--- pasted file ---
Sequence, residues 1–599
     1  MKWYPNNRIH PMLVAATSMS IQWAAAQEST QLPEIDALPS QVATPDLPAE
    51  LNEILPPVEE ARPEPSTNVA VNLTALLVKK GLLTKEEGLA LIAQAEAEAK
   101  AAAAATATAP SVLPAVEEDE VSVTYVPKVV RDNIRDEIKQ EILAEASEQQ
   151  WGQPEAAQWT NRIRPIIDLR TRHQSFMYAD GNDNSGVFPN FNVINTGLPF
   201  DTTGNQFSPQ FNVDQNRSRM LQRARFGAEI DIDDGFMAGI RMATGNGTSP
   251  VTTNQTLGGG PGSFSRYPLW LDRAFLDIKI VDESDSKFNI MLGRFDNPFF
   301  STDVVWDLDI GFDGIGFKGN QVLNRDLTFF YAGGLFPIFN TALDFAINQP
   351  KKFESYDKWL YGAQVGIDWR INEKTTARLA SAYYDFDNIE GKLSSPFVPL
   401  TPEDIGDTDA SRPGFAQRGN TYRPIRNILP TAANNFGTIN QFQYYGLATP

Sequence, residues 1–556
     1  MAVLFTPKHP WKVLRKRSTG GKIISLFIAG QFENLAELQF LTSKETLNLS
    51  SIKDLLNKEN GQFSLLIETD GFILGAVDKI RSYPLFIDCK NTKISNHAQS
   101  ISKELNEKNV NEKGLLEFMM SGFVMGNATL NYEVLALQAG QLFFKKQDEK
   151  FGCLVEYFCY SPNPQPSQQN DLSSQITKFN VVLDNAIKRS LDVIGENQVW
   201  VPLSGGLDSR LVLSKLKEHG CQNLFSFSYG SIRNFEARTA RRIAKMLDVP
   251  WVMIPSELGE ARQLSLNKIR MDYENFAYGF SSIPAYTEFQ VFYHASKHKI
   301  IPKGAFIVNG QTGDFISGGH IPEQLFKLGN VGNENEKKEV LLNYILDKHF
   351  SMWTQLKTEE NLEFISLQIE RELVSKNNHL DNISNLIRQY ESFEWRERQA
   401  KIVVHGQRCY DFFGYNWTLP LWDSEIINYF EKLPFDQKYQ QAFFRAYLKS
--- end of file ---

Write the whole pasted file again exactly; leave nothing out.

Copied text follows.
Sequence, residues 1–599
     1  MKWYPNNRIH PMLVAATSMS IQWAAAQEST QLPEIDALPS QVATPDLPAE
    51  LNEILPPVEE ARPEPSTNVA VNLTALLVKK GLLTKEEGLA LIAQAEAEAK
   101  AAAAATATAP SVLPAVEEDE VSVTYVPKVV RDNIRDEIKQ EILAEASEQQ
   151  WGQPEAAQWT NRIRPIIDLR TRHQSFMYAD GNDNSGVFPN FNVINTGLPF
   201  DTTGNQFSPQ FNVDQNRSRM LQRARFGAEI DIDDGFMAGI RMATGNGTSP
   251  VTTNQTLGGG PGSFSRYPLW LDRAFLDIKI VDESDSKFNI MLGRFDNPFF
   301  STDVVWDLDI GFDGIGFKGN QVLNRDLTFF YAGGLFPIFN TALDFAINQP
   351  KKFESYDKWL YGAQVGIDWR INEKTTARLA SAYYDFDNIE GKLSSPFVPL
   401  TPEDIGDTDA SRPGFAQRGN TYRPIRNILP TAANNFGTIN QFQYYGLATP

Sequence, residues 1–556
     1  MAVLFTPKHP WKVLRKRSTG GKIISLFIAG QFENLAELQF LTSKETLNLS
    51  SIKDLLNKEN GQFSLLIETD GFILGAVDKI RSYPLFIDCK NTKISNHAQS
   101  ISKELNEKNV NEKGLLEFMM SGFVMGNATL NYEVLALQAG QLFFKKQDEK
   151  FGCLVEYFCY SPNPQPSQQN DLSSQITKFN VVLDNAIKRS LDVIGENQVW
   201  VPLSGGLDSR LVLSKLKEHG CQNLFSFSYG SIRNFEARTA RRIAKMLDVP
   251  WVMIPSELGE ARQLSLNKIR MDYENFAYGF SSIPAYTEFQ VFYHASKHKI
   301  IPKGAFIVNG QTGDFISGGH IPEQLFKLGN VGNENEKKEV LLNYILDKHF
   351  SMWTQLKTEE NLEFISLQIE RELVSKNNHL DNISNLIRQY ESFEWRERQA
   401  KIVVHGQRCY DFFGYNWTLP LWDSEIINYF EKLPFDQKYQ QAFFRAYLKS